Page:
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In a nod to childhoods of yesteryear, year 4s go on annual Pioneer Camp and learn to put up tents, tie knots and stalk. Bushcraft weekends for seniors involve building shelters and campfires, as well as catching, gutting and cooking their own fish. However, atmosphere is nether old fashioned nor very strict (no standing for visitors). Our two student guides were polite, confident and very honest in their answers to our questions. ‘It’s a great school if your child is confident and outgoing and...

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What the school says...

At Chafyn Grove we expect a lot from our pupils and we offer a lot in return. A huge variety of extra-curricular activities, a committed staff, excellent facilities and small class sizes combine to allow us to aim high in every field of school life. At the same time, a friendly environment; supportive parents and a relaxed atmosphere make for happy days at school. It is this combination that makes Chafyn Grove special. ...Read more

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What The Good Schools Guide says


Since September 2016, Simon Head, previously headmaster of Moreton Hall School in Suffolk. He held a short service limited commission with the Royal Green Jackets before studying classics at Cambridge, where he also acquired his PGCE. He has taught at Dulwich College Prep and Pembroke House in Kenya, and was then deputy head at St John’s Beaumont in Windsor before becoming head of Moreton Hall. He is married to Sarah, also a teacher, and they have two young sons.


Children join at all ages and stages and from all over the area. Entry is non-selective. After registration, places are offered two terms before joining and children are invited to spend a day at the school the term before they begin. Scholarships of up to 15 per cent are available in year 6 (academic, sport, music, art and drama). Forces discounts are available (normally 10 per cent day and minimum 15 per cent boarding), and sibling discounts from five to 15 per cent are also offered. Means-tested bursaries typically range between 10 and 40 per cent of the combined tuition and boarding fee.


Canford, Dauntsey’s and Millfield top the list of ‘next schools’, followed by other relatively local choices, eg Bryanston, Clayesmore, Marlborough and Winchester. Otherwise pupils disperse to a range of schools, eg Charterhouse, Clifton College, Godolphin, Hampshire Collegiate and Monkton Coombe. Sports and all-rounder awards dominate the scholarship lists, but academic awards are on the up with a scattering of art, DT and music scholarships and exhibitions (six scholarships in 2017). Around 10 leave at 11 each year for the Salisbury grammar schools and independents.

Our view

A 1914 school photograph shows just 17 boys and three members of staff sitting in the grounds of a large Victorian building. Today, that solemn handful of Edwardian scholars would be very surprised to find nearly 300 pupils at Chafyn Grove, including over 100 girls.

Founded in 1876 as Salisbury School and changed its name in 1916 following an endowment by Lady Chafyn Grove. Although it caters for a wide ability range, there is a work ethic firmly in place. Has taken the unusual step of dropping history, geography and RS from the common entrance syllabus to focus on maths, English, science, French and Latin. This doesn’t mean that pupils don’t study these subjects, just that teachers can be more flexible in their approach, eg lessons on early history topics such as the Crusades and medieval life and geography lessons on South America. French is taught from year 1, Spanish in years 4 and 5 and Latin from year 6. Latin is strong and some pupils get to near GCSE standard. The odd truly hopeless linguist is allowed to drop languages rather than self-destruct in CE. Maths is set for everyone from year 3, top sets are streamed for all subjects from year 5 and lower sets in the last two years. Scholars aiming for the likes of Eton are educated separately, with extra lessons and lots of practice papers. This is certainly a change from times past, when ‘Eton, Winchester and Harrow were not Chafyn’s remit.’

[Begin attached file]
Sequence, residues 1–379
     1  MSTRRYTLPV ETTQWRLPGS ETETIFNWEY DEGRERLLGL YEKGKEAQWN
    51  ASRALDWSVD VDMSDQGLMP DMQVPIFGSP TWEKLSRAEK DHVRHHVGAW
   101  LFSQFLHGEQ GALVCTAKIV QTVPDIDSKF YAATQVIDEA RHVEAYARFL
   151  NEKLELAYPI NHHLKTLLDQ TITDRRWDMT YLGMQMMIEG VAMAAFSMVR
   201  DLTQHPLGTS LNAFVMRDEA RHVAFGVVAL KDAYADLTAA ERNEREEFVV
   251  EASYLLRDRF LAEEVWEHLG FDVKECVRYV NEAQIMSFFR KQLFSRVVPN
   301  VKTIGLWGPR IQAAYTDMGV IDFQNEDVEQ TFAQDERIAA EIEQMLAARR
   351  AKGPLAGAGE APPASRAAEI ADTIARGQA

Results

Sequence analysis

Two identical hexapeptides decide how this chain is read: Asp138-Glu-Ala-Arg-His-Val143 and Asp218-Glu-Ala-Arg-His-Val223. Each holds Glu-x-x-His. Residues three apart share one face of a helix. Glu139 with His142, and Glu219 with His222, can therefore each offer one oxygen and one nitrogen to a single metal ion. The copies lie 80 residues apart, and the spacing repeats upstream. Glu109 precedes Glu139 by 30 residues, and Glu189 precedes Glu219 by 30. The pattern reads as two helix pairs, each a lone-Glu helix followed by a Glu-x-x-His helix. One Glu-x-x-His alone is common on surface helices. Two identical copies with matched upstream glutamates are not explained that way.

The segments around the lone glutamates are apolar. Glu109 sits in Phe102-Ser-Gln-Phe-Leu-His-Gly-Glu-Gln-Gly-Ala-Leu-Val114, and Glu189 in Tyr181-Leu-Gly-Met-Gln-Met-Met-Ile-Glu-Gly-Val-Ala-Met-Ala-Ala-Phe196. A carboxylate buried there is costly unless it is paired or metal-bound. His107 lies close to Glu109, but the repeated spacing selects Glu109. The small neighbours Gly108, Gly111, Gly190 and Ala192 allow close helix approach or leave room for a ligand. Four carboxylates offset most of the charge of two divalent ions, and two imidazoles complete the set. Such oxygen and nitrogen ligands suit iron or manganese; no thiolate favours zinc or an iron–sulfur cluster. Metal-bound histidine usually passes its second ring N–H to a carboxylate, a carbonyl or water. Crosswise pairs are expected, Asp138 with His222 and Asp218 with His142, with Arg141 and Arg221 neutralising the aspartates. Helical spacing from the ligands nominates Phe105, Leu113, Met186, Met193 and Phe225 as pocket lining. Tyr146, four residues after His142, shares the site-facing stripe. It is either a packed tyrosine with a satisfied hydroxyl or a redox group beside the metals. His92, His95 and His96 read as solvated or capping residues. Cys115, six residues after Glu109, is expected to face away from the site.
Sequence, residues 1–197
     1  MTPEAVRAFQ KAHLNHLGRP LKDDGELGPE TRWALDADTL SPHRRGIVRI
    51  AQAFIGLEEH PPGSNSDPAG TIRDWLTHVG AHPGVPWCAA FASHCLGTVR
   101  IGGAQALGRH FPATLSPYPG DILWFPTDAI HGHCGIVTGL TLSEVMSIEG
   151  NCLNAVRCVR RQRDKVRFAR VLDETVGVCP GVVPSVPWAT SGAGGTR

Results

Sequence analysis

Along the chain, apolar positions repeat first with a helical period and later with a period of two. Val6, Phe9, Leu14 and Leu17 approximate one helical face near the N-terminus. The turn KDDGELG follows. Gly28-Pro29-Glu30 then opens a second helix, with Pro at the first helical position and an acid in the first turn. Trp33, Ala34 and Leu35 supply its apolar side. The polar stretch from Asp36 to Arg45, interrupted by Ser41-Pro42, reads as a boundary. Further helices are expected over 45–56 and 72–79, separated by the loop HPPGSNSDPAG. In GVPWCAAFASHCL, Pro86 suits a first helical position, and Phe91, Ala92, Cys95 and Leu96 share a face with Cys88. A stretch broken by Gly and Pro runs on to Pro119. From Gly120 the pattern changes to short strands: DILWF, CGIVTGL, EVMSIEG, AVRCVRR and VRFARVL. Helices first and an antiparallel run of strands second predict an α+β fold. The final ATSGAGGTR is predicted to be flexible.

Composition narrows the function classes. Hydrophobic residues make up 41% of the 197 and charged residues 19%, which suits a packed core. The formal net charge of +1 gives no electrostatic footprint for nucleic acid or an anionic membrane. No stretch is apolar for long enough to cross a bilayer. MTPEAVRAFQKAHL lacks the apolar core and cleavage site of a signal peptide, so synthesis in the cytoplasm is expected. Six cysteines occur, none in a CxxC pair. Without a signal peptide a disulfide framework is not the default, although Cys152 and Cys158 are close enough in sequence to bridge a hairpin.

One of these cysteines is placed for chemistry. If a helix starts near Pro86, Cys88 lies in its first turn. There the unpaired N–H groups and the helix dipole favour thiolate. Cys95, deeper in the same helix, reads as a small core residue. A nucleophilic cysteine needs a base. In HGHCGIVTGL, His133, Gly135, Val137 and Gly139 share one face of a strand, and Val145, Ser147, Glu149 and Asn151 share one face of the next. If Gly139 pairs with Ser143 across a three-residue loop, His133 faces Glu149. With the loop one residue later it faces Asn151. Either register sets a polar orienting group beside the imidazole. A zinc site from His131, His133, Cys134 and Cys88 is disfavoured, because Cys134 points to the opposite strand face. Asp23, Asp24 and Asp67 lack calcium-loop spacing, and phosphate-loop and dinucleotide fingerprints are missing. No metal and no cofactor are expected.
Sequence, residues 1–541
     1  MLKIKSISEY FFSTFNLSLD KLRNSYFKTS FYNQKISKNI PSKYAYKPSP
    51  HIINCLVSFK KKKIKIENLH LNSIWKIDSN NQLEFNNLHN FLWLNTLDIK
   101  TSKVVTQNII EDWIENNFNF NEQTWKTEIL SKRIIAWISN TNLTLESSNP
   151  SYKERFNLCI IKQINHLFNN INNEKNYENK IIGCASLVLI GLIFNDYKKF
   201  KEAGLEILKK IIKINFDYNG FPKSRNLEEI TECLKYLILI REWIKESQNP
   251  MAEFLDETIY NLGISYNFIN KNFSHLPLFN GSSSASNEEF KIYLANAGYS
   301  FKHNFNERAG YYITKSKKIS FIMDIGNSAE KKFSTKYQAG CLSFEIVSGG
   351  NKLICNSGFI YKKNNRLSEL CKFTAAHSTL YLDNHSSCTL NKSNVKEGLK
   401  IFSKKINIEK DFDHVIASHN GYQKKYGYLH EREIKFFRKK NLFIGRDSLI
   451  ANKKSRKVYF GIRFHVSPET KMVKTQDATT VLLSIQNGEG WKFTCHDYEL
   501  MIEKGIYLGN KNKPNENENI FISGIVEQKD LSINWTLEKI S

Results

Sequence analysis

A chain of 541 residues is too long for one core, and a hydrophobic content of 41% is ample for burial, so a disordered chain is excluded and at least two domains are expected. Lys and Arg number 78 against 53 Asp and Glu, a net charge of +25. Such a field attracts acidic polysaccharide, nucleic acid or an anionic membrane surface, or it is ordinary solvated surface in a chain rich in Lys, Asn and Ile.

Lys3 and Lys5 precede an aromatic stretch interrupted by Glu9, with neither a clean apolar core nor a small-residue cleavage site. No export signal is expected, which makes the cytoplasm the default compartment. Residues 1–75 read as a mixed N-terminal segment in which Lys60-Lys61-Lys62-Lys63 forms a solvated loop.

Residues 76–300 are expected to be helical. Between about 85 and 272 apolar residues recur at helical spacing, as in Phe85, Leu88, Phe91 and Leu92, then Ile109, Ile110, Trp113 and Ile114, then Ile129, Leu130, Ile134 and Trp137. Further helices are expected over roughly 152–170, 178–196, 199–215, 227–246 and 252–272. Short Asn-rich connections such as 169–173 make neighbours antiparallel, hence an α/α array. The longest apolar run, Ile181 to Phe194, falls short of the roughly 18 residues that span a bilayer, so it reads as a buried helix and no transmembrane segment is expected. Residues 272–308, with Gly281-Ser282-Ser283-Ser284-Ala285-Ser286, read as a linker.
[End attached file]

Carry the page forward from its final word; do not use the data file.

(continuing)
Sessions in thinking, presentation, research and current affairs freshen up the timetable. Year 8 also studies business skills, involving Dragon’s Den-style pitches and advertising campaigns to create and market a product for sale at the end of the year. Teaching body is very stable, with several married couples and long-standing staff members. ‘You only realise how well they’re being taught when they get to the next school.’ At the time of our visit, there were 42 pupils on the SEN register. Taught by five members of staff in two dedicated rooms, there is a broad sphere of activity which includes study skills, spelling and learning support alongside help for dyslexia, dyspraxia, EAL etc. One-to-one sessions once or twice a week are free and school is honest about which conditions it can support.

School has the strongest sport in Salisbury and its reputation gives the opposition food for thought before walking out against Chafyn Grove. Everyone plays in a team and with so many – up to 20 on match days - school can send its top teams further afield to other seriously sporty schools, eg Sandroyd and Port Regis, whilst B and C teams play elsewhere. All the usual sports on offer; boys and girls can also take part in archery, riding, sailing, cross-country and steeplechase. There is an equestrian and a sailing team, both of which compete successfully. Outdoor swimming pool used in summer. In addition to the regular tally of match wins by all teams throughout the year, all four first hockey teams reached the national final recently, which school promptly won. Lots of individual success in athletics, eg U13 Hurdles National Prep Schools Champion. A team of coaches fosters everyone’s talent (not just the superstars) on school’s pitches and Astroturf, which spread out behind the school up to (distant) railway embankment at edge of school grounds. There’s enough space for a gym, squash and tennis courts. Phone app keeps parents abreast of sports fixtures. ‘I try to tone down sport a bit as the children do win a lot – they have to get used to the fact that it isn’t all about winning,’ said a parent. Saturday school (from year 4) is often taken up with matches.